White countertops occur naturally in granite and marble. Natural stone is heat-resistant, durable, and easy to maintain, if properly sealed. One of the major challenges to white natural stone, specifically marble, is avoiding stains from certain fruits, red wine, and acidic foods. Granite and marble both need to be sealed regularly, but marble is more susceptible to stains even with diligent sealing.
If you love the look of marble but worry about staining, there are certain kinds of granite that mimic the beautiful gray-blue veining of marble. Like other natural stones, granite is strong and heat-resistant, but it's often one of the more expensive countertop options.
Conversely, engineered countertops offer a wide variety of colors that aren't found naturally, and there are lots of materials to choose from: solid-surfacing, and quartz-surfacing, and laminate countertops are all manufactured and can be made into any color of the rainbow. Quartz has soared in popularity in the past few years with its super hard, low-maintenance, and stone-look qualities. Silestone, a kind of quartz-surfacing, even has antimicrobial properties, which lends itself well to a hardworking kitchen.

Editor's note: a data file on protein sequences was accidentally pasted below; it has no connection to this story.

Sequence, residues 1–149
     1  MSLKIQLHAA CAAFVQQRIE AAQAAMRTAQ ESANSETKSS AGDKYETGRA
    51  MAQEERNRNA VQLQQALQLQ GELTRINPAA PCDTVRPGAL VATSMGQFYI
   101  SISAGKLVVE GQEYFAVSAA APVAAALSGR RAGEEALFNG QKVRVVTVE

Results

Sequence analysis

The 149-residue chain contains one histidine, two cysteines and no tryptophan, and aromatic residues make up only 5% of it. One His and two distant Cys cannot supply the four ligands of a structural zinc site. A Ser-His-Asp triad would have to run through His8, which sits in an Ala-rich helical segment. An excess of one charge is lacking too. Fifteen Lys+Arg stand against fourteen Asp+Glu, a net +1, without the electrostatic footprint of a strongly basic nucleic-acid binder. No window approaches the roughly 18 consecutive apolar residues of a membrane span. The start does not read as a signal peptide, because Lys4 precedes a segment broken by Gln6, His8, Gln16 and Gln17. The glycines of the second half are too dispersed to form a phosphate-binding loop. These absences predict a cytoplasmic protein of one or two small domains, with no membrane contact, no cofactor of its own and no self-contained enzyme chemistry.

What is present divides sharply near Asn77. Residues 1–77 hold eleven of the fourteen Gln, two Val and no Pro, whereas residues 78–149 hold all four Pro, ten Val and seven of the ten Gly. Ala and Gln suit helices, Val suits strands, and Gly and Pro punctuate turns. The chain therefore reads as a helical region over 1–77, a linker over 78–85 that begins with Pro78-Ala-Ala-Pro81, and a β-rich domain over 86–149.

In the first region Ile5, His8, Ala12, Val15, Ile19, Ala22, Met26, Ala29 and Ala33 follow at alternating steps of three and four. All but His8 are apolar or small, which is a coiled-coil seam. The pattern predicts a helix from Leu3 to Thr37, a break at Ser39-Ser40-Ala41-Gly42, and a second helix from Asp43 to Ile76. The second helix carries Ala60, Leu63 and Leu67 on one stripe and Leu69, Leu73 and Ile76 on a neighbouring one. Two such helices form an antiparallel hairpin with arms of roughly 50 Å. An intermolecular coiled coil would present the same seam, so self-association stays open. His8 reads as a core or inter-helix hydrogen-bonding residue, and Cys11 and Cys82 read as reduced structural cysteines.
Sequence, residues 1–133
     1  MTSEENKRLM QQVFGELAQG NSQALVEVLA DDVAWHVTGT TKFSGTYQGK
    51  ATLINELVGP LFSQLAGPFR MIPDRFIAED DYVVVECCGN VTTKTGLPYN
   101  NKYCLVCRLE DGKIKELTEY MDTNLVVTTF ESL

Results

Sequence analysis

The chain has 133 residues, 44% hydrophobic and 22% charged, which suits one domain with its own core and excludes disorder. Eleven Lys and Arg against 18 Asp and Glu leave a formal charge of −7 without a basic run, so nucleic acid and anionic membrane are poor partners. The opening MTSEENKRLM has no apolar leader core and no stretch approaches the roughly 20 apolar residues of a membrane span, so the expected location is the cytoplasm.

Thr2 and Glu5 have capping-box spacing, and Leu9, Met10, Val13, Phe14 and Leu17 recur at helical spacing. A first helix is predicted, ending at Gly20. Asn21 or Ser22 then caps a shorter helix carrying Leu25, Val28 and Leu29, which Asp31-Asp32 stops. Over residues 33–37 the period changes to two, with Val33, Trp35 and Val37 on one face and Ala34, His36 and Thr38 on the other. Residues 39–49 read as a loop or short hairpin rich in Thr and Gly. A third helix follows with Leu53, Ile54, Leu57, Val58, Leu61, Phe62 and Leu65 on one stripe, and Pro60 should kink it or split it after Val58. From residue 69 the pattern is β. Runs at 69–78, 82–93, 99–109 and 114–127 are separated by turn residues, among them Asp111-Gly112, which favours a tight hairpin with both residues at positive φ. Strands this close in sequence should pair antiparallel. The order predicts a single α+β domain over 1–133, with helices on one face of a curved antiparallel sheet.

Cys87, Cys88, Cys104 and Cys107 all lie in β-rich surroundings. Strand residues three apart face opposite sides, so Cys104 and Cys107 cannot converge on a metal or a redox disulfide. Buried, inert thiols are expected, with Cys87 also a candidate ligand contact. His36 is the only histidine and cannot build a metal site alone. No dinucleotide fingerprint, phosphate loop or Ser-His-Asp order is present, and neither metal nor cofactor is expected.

Still can't decide on one type of countertop? Mix-and-match countertops are an emerging trend. Put butcher block on the island and marble everywhere else or white granite on the exterior countertops and dark granite on the island.
Once you've chosen the countertop material and configuration that's perfect for you, you'll quickly find that a white countertop lends itself to many styles and types of architecture. A glossy white quartz-surfacing countertop is the perfect complement to dark espresso cabinets in a midcentury-style kitchen. Speckled granite works well with white cabinets and detailed corbels in a traditional space.